Parsing out complexities of intersectionality

A column published in Tuesday’s paper titled “LGBT Community’s unseen racism problem,” caught my attention, and I immediately began to read. But what I found when I was reading this column was an emotional response that left me raising my eyebrows.

While the column did open the conversation about racism in the LGBT community, the columnist missed the opportunity to address the things that make the LGBT less inclusive: the conversation on intersectionality and the conversation of preference versus racism.

First, let me just say that there is no “fine line” between preference and racism. Having a preference is not only racist but sexist as well.

As an afro-indigenous ally to the LGBT community, I will be the first to tell you that I do not know what it is like to have the experiences an LGBT individual does. But I do experience racism and sexism and those are both things I can speak about.

A woman of color can tell you that sometimes the racism she experiences can be sexist and the sexism she experiences is racist, so it is no surprise that the same can happen to LGBT people of color.

An Australian study published in the summer of 2015 looks at sexual racism, which the abstract describes as “a specific form of racial prejudice enacted in the context of sex or romance.”

In that same summer, a UK charity publication FS magazine surveyed 850 gay men of color.

Eighty percent of the black men who responded to the survey said they had experienced some sort of racism while on Britain’s gay scene. Even worse, 63 percent of black and South Asian men reported racism within the community being a worse issue than homophobia.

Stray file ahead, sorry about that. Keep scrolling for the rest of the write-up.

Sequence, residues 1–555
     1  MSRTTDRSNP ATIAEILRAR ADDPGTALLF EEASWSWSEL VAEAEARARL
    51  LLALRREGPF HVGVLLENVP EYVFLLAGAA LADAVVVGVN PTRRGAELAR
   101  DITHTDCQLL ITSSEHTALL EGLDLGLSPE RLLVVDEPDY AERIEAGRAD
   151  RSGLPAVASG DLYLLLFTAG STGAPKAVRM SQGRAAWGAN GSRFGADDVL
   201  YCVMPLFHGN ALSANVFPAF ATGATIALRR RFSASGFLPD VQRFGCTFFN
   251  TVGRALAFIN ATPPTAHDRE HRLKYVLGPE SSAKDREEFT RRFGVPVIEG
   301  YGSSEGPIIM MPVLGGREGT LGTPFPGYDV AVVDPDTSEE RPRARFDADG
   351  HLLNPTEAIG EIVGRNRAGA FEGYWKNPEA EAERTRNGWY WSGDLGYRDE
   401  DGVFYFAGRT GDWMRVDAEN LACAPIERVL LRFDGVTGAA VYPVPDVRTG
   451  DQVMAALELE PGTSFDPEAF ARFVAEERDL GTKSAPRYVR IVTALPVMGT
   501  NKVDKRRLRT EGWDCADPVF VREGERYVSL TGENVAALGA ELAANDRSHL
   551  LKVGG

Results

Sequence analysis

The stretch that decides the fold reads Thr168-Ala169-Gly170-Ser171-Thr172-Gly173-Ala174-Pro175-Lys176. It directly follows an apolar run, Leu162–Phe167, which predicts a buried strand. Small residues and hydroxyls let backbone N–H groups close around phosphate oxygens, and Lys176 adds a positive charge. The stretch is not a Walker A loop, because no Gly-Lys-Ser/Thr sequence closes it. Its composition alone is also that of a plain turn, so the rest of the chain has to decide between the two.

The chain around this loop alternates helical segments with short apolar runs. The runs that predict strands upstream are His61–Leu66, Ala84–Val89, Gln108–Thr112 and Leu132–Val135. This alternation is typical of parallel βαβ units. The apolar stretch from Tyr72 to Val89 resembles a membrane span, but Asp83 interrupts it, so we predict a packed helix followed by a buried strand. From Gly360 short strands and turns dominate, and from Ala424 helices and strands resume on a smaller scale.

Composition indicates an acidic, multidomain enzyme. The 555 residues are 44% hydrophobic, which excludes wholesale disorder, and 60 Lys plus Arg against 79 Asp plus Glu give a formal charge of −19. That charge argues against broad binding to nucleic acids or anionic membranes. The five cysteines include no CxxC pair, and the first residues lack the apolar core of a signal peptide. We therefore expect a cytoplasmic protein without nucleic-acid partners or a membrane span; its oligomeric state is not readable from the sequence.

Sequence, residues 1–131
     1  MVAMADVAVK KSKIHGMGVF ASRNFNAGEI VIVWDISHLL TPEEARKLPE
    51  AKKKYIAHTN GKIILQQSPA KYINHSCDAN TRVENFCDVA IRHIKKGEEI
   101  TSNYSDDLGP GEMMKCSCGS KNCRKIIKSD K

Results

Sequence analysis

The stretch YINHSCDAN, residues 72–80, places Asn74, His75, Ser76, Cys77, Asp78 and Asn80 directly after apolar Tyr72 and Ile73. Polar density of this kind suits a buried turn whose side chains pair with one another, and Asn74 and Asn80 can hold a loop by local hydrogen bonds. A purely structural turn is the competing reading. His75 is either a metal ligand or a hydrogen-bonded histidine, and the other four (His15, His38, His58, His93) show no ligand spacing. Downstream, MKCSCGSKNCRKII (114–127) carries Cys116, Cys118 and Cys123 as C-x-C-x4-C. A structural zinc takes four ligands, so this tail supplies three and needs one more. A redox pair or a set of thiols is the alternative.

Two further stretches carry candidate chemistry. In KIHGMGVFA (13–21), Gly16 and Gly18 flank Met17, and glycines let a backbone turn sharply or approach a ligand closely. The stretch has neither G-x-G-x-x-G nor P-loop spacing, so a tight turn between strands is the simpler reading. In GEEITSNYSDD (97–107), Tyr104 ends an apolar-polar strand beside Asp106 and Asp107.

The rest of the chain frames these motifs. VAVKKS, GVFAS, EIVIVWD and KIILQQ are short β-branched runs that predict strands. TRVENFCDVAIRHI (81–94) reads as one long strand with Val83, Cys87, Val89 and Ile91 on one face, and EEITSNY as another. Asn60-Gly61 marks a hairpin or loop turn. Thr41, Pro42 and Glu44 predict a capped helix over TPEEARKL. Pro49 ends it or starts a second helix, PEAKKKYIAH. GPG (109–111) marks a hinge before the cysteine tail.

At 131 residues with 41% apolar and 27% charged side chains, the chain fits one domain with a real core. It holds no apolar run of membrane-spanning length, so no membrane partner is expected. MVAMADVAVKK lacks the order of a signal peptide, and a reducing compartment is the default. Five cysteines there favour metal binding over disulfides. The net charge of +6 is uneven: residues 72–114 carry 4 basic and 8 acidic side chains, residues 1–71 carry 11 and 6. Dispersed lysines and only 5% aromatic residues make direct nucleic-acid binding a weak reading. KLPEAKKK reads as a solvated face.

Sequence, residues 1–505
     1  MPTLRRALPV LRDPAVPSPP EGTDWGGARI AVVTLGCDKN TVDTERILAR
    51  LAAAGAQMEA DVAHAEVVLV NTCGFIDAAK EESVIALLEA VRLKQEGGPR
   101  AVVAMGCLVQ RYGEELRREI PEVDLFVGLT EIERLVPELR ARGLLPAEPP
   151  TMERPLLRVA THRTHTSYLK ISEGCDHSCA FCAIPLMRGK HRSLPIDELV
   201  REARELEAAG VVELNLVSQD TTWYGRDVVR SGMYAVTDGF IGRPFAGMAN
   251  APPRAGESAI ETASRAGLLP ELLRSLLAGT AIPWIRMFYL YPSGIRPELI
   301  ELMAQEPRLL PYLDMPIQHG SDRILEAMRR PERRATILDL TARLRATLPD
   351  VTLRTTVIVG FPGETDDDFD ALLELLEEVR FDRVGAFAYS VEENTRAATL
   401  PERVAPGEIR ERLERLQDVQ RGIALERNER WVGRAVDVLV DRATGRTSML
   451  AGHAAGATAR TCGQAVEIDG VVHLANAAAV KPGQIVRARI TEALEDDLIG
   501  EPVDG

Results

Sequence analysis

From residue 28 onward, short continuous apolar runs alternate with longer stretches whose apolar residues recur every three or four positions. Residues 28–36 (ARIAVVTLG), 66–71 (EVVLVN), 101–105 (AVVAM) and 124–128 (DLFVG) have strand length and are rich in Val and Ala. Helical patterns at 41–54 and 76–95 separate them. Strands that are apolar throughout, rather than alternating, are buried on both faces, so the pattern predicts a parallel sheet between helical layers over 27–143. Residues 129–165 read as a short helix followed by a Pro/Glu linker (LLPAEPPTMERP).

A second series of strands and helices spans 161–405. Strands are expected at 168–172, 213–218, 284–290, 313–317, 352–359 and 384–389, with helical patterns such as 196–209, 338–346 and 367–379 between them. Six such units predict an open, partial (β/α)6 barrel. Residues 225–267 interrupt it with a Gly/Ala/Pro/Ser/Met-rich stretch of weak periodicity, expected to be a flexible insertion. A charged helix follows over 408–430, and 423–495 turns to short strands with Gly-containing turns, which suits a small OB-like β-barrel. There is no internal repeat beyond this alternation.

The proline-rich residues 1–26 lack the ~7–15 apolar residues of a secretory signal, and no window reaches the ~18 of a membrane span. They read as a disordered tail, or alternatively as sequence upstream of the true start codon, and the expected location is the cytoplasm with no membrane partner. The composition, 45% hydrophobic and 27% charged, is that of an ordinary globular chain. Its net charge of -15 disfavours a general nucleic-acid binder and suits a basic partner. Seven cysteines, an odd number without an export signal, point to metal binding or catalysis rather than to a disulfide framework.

“Intersectionality” is a word that I’ve heard often, mostly with the feminist movement.

“Intersectionality” is the idea that describes ways in which oppressive institutions (racism, sexism, homophobia, transphobia, ableism, xenophobia, classism, etc.) are interconnected and cannot be examined separately from one another.

Instead of using myself as another example, I will use my sister who identifies as lesbian, but like myself, is of mixed races. Since her identity as a woman and a member of the LGBT community are both a part of her. They cannot be separated. As goes for LGBT black men. One hour, they could be getting followed around a store in fear of stealing something; the next hour, they could be having an experience similar to the one(s) described in the previous column.

The only way to get past sexual racism in the LGBT community is to converse. It is important to have these conversations about sexual racism so can grow as a community.

I agree with the column that the LGBT community is becoming strong. However, I think the column is being too hard on the LGBT community for not knowing about things that haven’t been brought up in conversation or discussion yet. The LGBT community is not perfect, like any other community. It will have its flaws at the start. But the bigger it grows and the more people talk to each other about issues, the stronger it will be.

This is in response to the column “LGBT community’s unseen racism problem” originally published February 2. 2016, which can be found here.
This response column has been updated for the internet by the original writer.
This response column first appeared in the independent student publication, The BG News on Feb. 4, 2015. You can find their web edition here.